Friday marked a year since Russia’s full-scale invasion of Ukraine turned the Western world upside-down. Much has changed inside Russia, too. Up to one million Russians have fled the country, a wave of emigration that rivals the one that followed the Revolution of 1917, when the Bolsheviks seized power. Russia has lost about a quarter million men to death and injury on the front—up from around 100,000 in October.
The Russian budget is operating at a deficit not seen since the financial crisis of 1998, which immolated the country’s economy. This year, the Russian economy contracted by two percent, a small but not insignificant decline. Meanwhile, prices have gone up. Many of the most beloved, recognizable Western companies—McDonald’s, Starbucks, IKEA—have expatriated and been replaced by paltry domestic impersonations or Chinese imports. Speaking out, a dangerous act before the war, has become even more hazardous. What was left of the Russian independent media is now almost entirely in exile, much like the remnants of the Russian opposition—at least those among them who aren’t serving long prison sentences.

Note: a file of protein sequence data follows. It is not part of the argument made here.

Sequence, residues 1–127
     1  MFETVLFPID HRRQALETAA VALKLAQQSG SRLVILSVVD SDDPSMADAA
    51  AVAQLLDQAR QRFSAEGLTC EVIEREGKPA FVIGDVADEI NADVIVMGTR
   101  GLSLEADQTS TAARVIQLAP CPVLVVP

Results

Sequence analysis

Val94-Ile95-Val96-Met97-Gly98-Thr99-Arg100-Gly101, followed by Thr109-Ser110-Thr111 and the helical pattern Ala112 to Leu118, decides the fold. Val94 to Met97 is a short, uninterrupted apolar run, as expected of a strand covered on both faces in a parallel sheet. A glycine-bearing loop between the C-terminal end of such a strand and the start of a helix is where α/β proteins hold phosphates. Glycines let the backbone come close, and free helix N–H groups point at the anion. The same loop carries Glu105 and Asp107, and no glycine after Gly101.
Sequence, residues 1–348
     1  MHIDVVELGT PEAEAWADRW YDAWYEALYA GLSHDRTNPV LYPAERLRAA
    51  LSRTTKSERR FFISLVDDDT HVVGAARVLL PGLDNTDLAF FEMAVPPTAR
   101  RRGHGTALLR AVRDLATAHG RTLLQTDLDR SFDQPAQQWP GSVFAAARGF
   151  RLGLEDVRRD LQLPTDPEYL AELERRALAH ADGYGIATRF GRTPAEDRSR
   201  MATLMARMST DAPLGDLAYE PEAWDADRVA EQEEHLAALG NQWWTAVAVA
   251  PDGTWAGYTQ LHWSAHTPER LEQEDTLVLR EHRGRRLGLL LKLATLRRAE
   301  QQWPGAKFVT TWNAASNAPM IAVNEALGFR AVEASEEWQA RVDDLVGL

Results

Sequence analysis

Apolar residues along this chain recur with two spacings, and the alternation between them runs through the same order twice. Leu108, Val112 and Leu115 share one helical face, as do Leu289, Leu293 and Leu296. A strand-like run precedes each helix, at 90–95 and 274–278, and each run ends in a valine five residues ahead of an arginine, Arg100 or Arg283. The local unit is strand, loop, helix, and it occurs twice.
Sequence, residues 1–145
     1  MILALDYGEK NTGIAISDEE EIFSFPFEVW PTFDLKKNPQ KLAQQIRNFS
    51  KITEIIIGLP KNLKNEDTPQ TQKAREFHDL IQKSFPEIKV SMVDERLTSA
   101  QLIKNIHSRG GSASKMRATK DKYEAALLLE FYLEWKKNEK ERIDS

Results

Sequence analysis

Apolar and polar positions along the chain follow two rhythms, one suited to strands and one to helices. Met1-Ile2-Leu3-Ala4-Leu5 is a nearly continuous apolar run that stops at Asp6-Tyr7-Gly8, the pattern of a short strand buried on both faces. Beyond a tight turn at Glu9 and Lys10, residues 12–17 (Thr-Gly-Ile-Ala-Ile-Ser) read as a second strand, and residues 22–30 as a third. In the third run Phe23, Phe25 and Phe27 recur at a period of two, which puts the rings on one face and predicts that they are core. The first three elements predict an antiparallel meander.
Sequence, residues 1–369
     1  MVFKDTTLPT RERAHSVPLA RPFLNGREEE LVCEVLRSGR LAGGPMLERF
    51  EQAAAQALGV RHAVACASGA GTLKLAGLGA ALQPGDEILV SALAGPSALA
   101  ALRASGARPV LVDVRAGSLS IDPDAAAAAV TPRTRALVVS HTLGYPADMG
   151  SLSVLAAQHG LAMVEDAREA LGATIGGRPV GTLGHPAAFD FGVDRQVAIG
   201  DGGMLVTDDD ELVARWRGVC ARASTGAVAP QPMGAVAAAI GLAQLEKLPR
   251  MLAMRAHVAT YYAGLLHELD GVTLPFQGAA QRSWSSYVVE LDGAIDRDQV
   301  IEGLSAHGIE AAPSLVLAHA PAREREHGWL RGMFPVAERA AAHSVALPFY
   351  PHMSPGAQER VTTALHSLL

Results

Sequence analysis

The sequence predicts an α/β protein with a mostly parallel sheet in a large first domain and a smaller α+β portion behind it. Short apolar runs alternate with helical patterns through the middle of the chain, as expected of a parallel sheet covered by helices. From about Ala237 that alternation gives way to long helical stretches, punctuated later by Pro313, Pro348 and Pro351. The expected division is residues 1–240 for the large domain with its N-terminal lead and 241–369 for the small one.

But a lot more hasn’t changed. The Russian economy hasn’t collapsed under the weight of unprecedented Western sanctions. It’s certainly fairing better than the Ukrainian economy, which lost anywhere from thirty to forty percent of its G.D.P. Russia may have been shut out of the Western energy market, but China and India are gobbling up the difference (albeit at a discount). Hundreds of thousands of men were called up in the fall, but the anxiety of conscription ebbed once most people realized they weren’t personally affected.